Medical rationing and indirect euthanasia as an idea whose time has come
How old is too old for lifesaving surgery? blares the headline.
Yup. Daniel Callahan is at it again with his "let's not treat grandmom and the retarded" philosophy of medical rationing.
For years, Callahan has been pushing the idea that we need to legally mandate withholding care for people (mainly the elderly but also the disabled) according to a sliding scale.
If you are a little senile, you can get your gallbladder out, but no Cardiac bypass surgery. If you are moderately senile, no gall bladder surgery, but you can get antibiotics for pneumonia. If you are Terry Schiavo, no antibiotics and no feeding tube...
IF government takes over medicine, it is only a matter of time until this type of thinking slips in. After all, in the UK, one "ethicist" named Baroness Warnock, said that the demented have a duty to die, because they are wasting the time and energy of their families who could be doing more meaningful things with their time if they weren't burdened with Grandmom, not to mention wasting the money of the National Health Services.
Ironically, the old and the handicapped don't always benefit from our high tech medical care. Some of them don't benefit from treatment, or have so many medical problems that the benefit of the treatment has to be balance by the risk of dying of complications.
For example, one of my retarded patients could not tolerate potentially lifesaving chemotherapy for her Hodgkin's disease; the chemotherapy almost killed her, so we stopped it, not because she was retarded but because her body couldn't tolerate the treatment.
Similarly, often the elderly have multiple health problems. You operate and they end up dying from a heart attack, a stroke, pneumonia or renal failure.
The Catholic church mandates all ordinary medical care, but you are allowed to refuse extraordinary care, especially if the risk is high for death, major complications, or a major financial burden to the family.
This last one is rare in the US, but here in the Philippines, it is a major problem: people die for not being able to afford simple pills for blood pressure, or from lack of prenatal care because the clinic for getting prenatal care was too far away.
Ironically, most people today in the US have either living wills or have told their families: No machines, etc.
The problem is that many minority patients just don't trust their doctors.
When I worked in the US, my Native American patients often required a lot of discussion,and even then they wouldn't sign a living will. Doctors in inner cities have noted a similar reluctance in their Black and Hispanic patients.
Paranoid? Maybe...but you never know....every once in awhile I've run into doctors who suggested this patient or that patient should have been refused treatment because they were old or retarded or had a stroke...no, racial prejudice had nothing to do with their judgement...I think...
So what do you do?
I usually recommend a Health care Proxy. They can judge if a treatment is needed and what the risks versus benefits are. A lot of time, it's not black and white, since often there is a middle way to treat people (patient spoon feeding of thickened liquids instead of a feeding tube...angioplasty for angina or medical treatment instead of cardiac bypass...home health care visits by nurses and respite care so people can be cared for at home instead of nursing homes.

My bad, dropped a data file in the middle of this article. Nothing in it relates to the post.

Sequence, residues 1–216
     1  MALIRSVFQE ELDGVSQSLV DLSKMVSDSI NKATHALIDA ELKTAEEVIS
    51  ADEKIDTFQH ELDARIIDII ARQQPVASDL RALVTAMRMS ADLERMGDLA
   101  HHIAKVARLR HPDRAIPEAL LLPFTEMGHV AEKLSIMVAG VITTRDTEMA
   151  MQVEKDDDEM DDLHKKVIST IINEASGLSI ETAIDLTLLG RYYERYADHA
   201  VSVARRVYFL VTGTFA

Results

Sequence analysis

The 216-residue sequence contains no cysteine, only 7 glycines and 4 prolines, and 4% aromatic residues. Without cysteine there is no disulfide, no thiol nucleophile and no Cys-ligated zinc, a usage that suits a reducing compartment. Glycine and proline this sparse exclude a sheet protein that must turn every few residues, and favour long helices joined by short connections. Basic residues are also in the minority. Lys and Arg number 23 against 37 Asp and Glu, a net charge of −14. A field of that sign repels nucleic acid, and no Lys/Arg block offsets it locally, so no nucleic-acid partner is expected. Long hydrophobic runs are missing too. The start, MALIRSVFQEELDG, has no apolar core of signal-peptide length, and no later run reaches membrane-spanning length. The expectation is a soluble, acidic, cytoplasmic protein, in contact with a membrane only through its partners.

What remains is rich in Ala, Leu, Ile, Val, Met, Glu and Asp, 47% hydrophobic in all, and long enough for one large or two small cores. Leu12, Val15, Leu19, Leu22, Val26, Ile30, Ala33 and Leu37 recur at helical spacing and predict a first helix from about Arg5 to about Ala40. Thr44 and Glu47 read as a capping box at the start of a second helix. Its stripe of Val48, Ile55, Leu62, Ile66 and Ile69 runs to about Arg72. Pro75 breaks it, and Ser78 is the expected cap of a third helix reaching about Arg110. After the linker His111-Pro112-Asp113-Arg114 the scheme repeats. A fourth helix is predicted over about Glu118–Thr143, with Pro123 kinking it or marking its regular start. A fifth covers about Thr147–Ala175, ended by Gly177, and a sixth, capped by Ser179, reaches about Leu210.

Actually, I shouldn't bash the NYTimes, who is running a good series on the problems of growing old LINK LINK LINK.
In the past the elderly were cared for by a daughter, either married or who stayed single, or sometimes by the daughter in law, who stayed home to do the caretaking. I am not romanticizing this: my aunt lost the chance for children because she was the daughter who cared for her aging mother (and back then, "aging" was 60 years).
But now women work, and old is not what it used to be.
There are many private, church run or public organizations that help friends and family to keep the elderly comfortable at home, but still it means sacrifice by one's family.
Government programs can help by tax breaks, paying for home health care, or even granting stipends to family members who give up their income and time to help their elderly.
The bad news is that as boomers age, there are many without children, and many who were brought up with the idea that they should never be a burden. There is a worrisome under reported phenomenon of people, mainly the affluent, just deciding to kill themselves rather than "be a burden". No, I haven't seen it, mainly because I worked with the poor (who commit suicide for other reasons).
But it only a matter of time for the propaganda machine to roll up to persuade people that suicide is a justifiable and moral solution to being a burden on others.
Ah, but we've been here before: we now have a society where women/girls assume abortion is the answer to an inconvenient pregnancy (and all too often the pregnancy was inconvenient to the boyfriends or parents, who urged them to abort, so the claim it was "the woman's choice" ignores reality).
Similarly, we will slowly see euthanasia sold to the public as a "compassionate choice"...
Labels: medical ethics